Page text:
”Tibetan and Uighur minority language schools have mostly been eliminated since 2017 and replaced by Mandarin Chinese instruction, in tandem with a Beijing crackdown on dissent and mass detention of protesters and opponents,” the South China Morning Post (SCMP) reported yesterday.
In its report titled ‘Language rules for Inner Mongolia another step to erode ethnic groups in China’, SCMP quoted a Mongolian dissident as saying Beijing is implementing policies that could result in the “total destruction of language, culture and identity of all ethnic minorities” within China.
BELOW: The Chinese way — just quash ‘em
Ethnic Mongols make up about 17 percent of the Inner Mongolia population. Phasing out Mongolian as the medium of instruction in the schools in its autonomous region is part of Beijing’s “assimilation policy to achieve national unity” through a Mandarin cultural identity.
New Mandarin textbooks replacing Mongolian ones are planned to be made compulsory across all grades by 2022. China’s national-language policy to promote integration is being carried out so that its Uighur, Tibetan and Mongol minorities can live harmoniously in the People’s Republic of China.
BELOW: Tibetan children have to trek to India or Kathmandu, Nepal to receive their education in the Tibetan language
Chinese invoking ‘meritocracy’ to keep their superior SJK(C)
Meanwhile here in Malaysia, the Chinese minority are exhorting the Malay government to allow parents to decide their children’s future.
Sin Chew Daily’s editor-in-chief lamented a few days ago that, personally, he is much concerned “about which way Chinese Malaysians, and the country we all love so much, will be headed”.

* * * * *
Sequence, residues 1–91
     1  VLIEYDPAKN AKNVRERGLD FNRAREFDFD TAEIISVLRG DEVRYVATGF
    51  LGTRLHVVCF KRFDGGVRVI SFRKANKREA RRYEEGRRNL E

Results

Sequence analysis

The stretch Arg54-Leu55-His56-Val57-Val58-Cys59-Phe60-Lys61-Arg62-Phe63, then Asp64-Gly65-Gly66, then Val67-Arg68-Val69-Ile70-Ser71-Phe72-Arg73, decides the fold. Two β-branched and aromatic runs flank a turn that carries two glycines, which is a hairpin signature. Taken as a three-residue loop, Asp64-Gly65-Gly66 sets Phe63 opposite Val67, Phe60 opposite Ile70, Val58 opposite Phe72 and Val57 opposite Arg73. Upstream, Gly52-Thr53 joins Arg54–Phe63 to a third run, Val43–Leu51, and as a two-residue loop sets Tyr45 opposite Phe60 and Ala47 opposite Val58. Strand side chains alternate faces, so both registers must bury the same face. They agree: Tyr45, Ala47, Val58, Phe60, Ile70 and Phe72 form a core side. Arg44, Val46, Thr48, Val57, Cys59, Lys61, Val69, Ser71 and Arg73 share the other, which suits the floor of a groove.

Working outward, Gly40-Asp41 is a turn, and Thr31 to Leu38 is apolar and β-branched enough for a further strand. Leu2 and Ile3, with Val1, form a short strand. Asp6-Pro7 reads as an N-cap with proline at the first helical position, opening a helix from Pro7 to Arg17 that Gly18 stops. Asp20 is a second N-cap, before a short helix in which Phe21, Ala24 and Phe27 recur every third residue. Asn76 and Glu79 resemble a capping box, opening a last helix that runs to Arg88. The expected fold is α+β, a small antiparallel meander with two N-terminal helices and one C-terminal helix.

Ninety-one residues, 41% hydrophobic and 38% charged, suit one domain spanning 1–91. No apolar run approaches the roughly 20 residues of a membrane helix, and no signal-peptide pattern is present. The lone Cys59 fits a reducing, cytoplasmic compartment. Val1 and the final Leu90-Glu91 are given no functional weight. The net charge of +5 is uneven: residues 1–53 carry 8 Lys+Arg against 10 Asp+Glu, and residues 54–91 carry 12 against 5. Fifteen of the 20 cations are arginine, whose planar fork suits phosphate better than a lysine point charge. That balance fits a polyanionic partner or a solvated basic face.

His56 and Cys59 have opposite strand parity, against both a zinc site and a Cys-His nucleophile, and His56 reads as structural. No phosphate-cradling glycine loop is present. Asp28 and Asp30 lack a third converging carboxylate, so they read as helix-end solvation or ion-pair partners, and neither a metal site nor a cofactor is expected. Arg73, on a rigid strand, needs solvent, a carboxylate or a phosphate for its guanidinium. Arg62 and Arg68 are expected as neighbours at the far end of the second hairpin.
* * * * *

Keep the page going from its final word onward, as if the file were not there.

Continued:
So … we hear this admission by Sin Chew newspaper’s top editor Kuik Cheng Kang – pictured below – that the current Malay grand unity is causing the Chinese to “feel an increasing sense of insecurity!” Well, at least Chinese media can be trusted to be more honest about minority community sentiments, unlike the hyper hypocritical DAP some of whose leaders are still licking Mahathir’s Dilemma toes.
In his op-ed on vernacular schools headlined ‘People will decide based on merit’ (Oct 9), Kuik voices his concerns about “the increasingly Islamized big environment” and how in parallel, PAS has increasingly gained more clout in government.
He also says that PAS’s “ulterior motive is to set up a veritable Islamic state”. Here Kuik is being disingenuous. An Islamic state is not PAS’s “ulterior motive”, it is the party’s open and avowed raison d’etre’.
(Note: According to Collins dictionary, ‘if you say that someone has an ulterior motive for doing something, you believe that they have a hidden reason for doing it’. There is nothing hidden at all about PAS’s unwavering Islamic state aspiration; it was only duplicitous DAP which hoodwinked Chinese voters about PAS’s vague ‘welfare state’ back when the evangelical party and the Islamist party were both still in Pakatan Rakyat.)
“The feelings of local Chinese” … aww, the poor babies
Kuik further writes: “PAS is waiting for Umno to keep rotting in corruption to take the reins with the pretext of saving the nation in the name of Islam.”
Forgive me but I can’t resist to interject the Sin Chew boss Kuik’s lamentation with a mirror imagery of how in 2018-2020, the DAP was impatiently waiting for Mahathir to go play mahjong in the sky so that they could take the reins with a pretext of saving the nation in the name of Chinese moral righteousness.
Kuik adds that the various players in Malay politics are all advocating “Malay supremacy” and as a result, the Malay “moderates will never get into the mainstream”.
Sin Chew’s idea of who constitutes a ‘moderate’ are its own Malay columnists such as DAP member Mohd Tajuddin Mohd Rasdi, Londoner Mariam Mokhtar and Azmi Sharom (see pix below — #Solidarity4AzmiSharom) who is a firm fan favourite among the ‘LOVE’ Chinese girls.